Chaucer’s Literary Aims

I. (a) To provide an introduction to the stories that follow so that a certain verisimilitude may be imparted to the whole work; the different stories may be held together by one unifying factor.

(b) To entertain the reader – not instruct him. This is significant because medieval literature in the main was didactic.

II. (a) To draw characters of the various members of the society and thereby exercise his powers of observation and the variety of his own life and interests.

(b) To help us see beforehand through these characters, the kind of stories they are going to tell us. It is true, in general, that the stories exemplify the character of the story-tellers.

(c) To satirise all that is undesirable, especially, among the clergy.

(d) To exercise his powers of versification and illustrate the richness of English, the language enriched by the borrowings from French and Latin.

(e) Nevill Coghill sees in “The Prologue” another kind of unity expressed, e.g. in the opening lines Nature – Spring season – impels pilgrimage, and also supernature (martyr Becket). Spring impregnates the dry earth, likewise, the supernatural invigorates the sick and the diseased and this doubling seen also in the motivation of pilgrimage (some for a good reason and some for a bad reason), and hence we have good people and bad people among the pilgrims. We likewise see some unity in the pairing of characters: the Knight and the Squire; the Summoner and the Pardoner.

Ref: Chaucer – Modern Essays in Criticism Wagen Knecht.

Chaucer’s Art of Portraiture

A Painter:  Chaucer uses various devices. He can give importance to any particular aspect – he can omit details – he can exaggerate certain things. His portraits of the pilgrims of Canterbury are varied in much the same way – as the painter varies colours, Chaucer uses the colours of rhetoric.

But no picture is complete in the sense that Chaucer does not give us all the details regarding the character he portrays. One conspicuous feature – a ridiculous mannerism, obscure clothing and such things are hinted and elaborated. Yet these details are prominent enough to distinguish him or her from the jostling company. The cook for instance – the fact, “that on his shyne a mormal hadde he” makes him unique.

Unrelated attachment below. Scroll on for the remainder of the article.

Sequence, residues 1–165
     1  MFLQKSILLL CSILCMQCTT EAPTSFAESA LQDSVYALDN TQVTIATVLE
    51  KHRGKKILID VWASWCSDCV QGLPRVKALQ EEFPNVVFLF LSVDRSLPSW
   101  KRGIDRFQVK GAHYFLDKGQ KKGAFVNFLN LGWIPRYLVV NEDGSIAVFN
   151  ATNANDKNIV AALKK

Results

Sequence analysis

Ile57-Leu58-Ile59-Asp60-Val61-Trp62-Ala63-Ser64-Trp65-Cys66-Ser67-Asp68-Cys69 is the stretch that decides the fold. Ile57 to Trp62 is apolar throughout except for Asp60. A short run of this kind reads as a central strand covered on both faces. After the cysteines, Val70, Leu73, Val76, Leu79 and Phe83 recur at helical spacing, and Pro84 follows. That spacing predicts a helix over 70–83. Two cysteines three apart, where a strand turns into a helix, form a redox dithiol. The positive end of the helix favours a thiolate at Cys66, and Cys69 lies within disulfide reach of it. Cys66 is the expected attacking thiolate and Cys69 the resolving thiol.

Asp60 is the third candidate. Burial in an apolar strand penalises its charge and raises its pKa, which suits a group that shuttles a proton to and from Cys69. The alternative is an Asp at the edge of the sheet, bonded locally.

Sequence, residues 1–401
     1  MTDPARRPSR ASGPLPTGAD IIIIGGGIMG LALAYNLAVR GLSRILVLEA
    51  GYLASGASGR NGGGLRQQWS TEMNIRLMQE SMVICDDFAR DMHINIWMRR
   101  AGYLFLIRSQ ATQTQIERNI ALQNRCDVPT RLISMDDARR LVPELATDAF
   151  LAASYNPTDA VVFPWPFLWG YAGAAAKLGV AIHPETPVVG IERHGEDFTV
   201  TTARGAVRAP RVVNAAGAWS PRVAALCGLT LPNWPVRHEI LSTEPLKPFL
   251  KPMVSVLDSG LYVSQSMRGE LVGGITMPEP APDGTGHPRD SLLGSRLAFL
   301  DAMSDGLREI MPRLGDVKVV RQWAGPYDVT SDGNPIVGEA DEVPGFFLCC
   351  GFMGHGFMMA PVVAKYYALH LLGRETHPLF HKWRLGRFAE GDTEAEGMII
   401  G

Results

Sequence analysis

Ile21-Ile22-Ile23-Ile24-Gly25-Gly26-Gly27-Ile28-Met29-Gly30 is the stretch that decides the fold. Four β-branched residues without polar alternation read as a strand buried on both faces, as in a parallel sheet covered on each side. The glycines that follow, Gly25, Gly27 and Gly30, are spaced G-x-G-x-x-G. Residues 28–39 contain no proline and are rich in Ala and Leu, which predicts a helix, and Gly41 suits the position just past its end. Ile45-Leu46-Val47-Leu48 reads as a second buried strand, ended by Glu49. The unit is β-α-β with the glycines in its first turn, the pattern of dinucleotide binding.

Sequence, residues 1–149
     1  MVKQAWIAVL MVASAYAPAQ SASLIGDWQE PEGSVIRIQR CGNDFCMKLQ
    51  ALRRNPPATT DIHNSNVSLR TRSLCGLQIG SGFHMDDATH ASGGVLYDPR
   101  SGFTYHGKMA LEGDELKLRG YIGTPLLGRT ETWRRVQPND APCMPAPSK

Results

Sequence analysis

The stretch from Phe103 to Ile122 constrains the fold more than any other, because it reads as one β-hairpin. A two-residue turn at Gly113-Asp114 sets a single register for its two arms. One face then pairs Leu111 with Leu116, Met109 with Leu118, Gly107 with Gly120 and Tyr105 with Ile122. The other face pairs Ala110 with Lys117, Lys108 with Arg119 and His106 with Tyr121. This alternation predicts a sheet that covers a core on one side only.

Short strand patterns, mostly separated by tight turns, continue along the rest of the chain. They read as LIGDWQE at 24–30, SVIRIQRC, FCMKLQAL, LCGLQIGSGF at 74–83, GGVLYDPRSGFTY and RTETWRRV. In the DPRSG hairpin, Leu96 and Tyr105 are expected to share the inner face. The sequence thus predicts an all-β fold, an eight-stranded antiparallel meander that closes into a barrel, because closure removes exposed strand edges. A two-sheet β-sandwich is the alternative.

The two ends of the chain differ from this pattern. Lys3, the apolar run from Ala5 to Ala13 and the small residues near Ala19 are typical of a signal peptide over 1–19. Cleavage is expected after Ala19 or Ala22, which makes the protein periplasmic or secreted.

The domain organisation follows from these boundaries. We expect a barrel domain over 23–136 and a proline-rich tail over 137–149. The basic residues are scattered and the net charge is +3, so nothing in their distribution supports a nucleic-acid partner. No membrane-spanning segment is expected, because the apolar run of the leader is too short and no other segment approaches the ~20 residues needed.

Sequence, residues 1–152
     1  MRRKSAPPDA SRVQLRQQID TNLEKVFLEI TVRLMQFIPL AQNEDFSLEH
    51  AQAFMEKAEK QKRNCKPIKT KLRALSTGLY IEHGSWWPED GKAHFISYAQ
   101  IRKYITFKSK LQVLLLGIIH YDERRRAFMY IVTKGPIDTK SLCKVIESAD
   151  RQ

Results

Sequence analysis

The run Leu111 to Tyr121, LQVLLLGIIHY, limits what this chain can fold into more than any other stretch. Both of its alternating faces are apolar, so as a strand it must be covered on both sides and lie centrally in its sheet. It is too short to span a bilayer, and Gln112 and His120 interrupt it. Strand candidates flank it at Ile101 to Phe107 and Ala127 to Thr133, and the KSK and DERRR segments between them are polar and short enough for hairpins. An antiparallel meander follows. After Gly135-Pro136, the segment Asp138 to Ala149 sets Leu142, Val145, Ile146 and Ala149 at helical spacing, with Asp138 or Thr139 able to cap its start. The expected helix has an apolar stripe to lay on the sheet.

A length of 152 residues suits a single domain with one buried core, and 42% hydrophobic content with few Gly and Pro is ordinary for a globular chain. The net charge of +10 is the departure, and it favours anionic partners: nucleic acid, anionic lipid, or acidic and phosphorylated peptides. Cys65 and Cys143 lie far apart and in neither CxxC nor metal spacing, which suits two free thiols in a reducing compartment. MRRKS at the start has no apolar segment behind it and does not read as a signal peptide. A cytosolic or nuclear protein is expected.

As with the use of “rhetoric”, Chaucer uses other methods also – conventions of medieval writers about the way to describe a person – classical writers like Cicero; Medieval medicine and so on. Chaucer’s extensive reading – use of all these methods – for instance medieval medicine tended to classify people somewhat in the same way as modern medicine does – when we say that a person is “neurotic”, all that goes with nervousness, unstable constitution etc. are brought to mind. “Neurotic” is almost a miniature portrait – similarly medieval medicine – four fluids in man – “hoot or coold, or moyste or dye.”

As portrait-painter he reveals his power of observation. We get both types and individuals in The Prologue. He takes a cross-section of humanity and there is no kind of snobbery in his observation of his characters. There is God’s plenty as Dryden puts it.

Chaucer knew the court, commerce and many aspects of life. Humour, satire and seriousness, in his study of people, are visibly presented. The physical appearance, dress, equipments, habits, profession and character – all these are clearly mentioned by the poet. These character studies are a fitting introduction to the stories that follow. “Contrast among characters and sometimes pairs of characters” are the distinctive features of his powers of painting characters. Not only his words, but the words of his characters, too, sometimes reveal their character,